Lewdness refers to indecency, lack of restraint, outrageous conduct. In 2 Peter 2:7, Peter uses the same Greek word to describe the filthy lifestyle of the people of Sodom.

Lusts refers to an inordinate, fleshly desire of any kind, not just sexual. A craving for what God condemns.

Drunkenness is, of course, excess of wine or strong drink. This Greek word is also associated with debauchery—sensual, wasteful living like the kind the Prodigal Son lost himself in.

Revelries is from a word that conjures the picture of a band of rebels, more than half drunk, making their disorderly way down the street, creating disturbances as they go.

Drinking parties refers to the heavy drinking associated with festivals, large gatherings of revelers, or a house party filled with drunken people.

Abominable idolatries refers to the idol worship that so often led to immorality, drunkenness, and even demonic activity.

Such had been the lives of many of them before they met Christ. The encouraging thing with this terrible list is that this is how they once WERE, but have since been delivered by Jesus Christ and the power of the Holy Spirit!

In fact, these new Christians had been so powerfully delivered and radically changed that their old friends couldn’t believe the change they saw:

4:4 “In regard to these, your former friends think it strange when you no longer plunge into the flood of wild and destructive things they do. So they speak evil of you.”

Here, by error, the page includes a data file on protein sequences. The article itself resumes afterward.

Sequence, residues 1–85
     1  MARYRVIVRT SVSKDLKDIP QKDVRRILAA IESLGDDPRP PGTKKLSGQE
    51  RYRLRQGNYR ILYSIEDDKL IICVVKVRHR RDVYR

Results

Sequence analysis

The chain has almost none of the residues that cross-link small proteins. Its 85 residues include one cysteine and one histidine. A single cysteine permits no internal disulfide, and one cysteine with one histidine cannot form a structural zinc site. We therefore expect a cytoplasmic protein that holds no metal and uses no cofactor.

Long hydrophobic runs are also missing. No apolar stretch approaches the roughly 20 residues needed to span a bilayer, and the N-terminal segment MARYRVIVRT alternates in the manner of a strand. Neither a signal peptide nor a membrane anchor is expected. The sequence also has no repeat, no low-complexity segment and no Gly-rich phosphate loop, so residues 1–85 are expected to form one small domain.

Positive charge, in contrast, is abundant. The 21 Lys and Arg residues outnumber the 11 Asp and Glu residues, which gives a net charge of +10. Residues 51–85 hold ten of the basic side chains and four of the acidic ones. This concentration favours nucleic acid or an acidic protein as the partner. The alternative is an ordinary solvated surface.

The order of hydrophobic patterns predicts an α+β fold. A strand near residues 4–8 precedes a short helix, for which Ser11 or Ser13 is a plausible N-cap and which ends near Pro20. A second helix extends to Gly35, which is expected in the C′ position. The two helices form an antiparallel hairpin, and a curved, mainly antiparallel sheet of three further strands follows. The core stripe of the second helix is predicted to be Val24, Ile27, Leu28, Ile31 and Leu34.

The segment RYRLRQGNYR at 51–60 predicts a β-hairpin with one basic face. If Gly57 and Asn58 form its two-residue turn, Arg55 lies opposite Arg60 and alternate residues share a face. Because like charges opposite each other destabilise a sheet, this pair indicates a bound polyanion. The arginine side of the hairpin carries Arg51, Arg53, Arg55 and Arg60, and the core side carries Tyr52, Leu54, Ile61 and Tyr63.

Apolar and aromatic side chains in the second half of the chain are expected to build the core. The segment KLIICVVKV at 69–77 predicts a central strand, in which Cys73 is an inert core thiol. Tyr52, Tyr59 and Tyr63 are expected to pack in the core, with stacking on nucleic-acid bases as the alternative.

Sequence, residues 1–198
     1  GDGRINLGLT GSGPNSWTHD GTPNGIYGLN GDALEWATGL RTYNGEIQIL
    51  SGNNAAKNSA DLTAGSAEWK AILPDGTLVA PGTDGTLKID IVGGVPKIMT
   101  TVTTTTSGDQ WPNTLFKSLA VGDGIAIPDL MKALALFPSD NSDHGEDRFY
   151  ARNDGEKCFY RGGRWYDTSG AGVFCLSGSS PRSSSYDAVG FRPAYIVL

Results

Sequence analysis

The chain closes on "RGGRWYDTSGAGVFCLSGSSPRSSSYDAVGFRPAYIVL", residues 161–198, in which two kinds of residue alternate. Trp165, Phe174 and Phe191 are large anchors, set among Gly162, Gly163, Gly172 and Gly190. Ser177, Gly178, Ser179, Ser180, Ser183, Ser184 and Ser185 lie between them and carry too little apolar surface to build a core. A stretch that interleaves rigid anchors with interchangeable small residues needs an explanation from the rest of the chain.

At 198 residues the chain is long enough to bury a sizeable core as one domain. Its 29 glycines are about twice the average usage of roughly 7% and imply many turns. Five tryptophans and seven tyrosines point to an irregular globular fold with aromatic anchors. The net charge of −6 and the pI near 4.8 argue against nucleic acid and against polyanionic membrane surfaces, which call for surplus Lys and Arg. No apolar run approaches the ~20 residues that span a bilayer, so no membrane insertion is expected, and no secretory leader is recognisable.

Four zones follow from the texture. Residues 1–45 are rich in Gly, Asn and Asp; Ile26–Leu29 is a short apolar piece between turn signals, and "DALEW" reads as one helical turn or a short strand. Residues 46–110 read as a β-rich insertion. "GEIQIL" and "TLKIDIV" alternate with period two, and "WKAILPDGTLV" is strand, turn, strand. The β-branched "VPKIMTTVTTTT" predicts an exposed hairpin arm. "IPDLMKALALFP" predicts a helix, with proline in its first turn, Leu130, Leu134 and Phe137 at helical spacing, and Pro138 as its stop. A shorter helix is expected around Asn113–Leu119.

Our old running buddies scratch their heads when we no longer involve ourselves in prodigal, wasteful living. To them it’s the only way to go. But to the born again Christian, Jesus is the only way to go.

Once saved we receive a transformed nature (2 Cor. 5:17). We discover that the things we used to hate—goodness, clean living, moral purity—we now love. And things we used to love—immorality, drunkenness, selfish and sinful living—we now hate.

We have a brand new nature and the world just can’t wrap their minds around that! So they choose to slander and persecute the new Christian. And Peter warns those who slander us for coming to Christ are going to answer to God:

4:5 “They will give an account to Him who is ready to judge the living and the dead.”

Peter testifies that God “is ready” to judge all men, both the living and the dead. Those who abuse and slander God’s people think they can do as they please with impunity. Yet there is One who HEARS all that they say, and SEES all that they do. While they may not be judged in this life, they will most certainly be judged in the life to come.

And not just those who abuse and slander God’s people, but those who slander our Lord will also answer to God. Jude writes,

“The Lord is coming with countless thousands of his holy ones 15 to execute judgment on the people of the world. He will convict every person of all the ungodly things they have done and for all the insults that ungodly sinners have spoken against him (Jesus)” (14-15).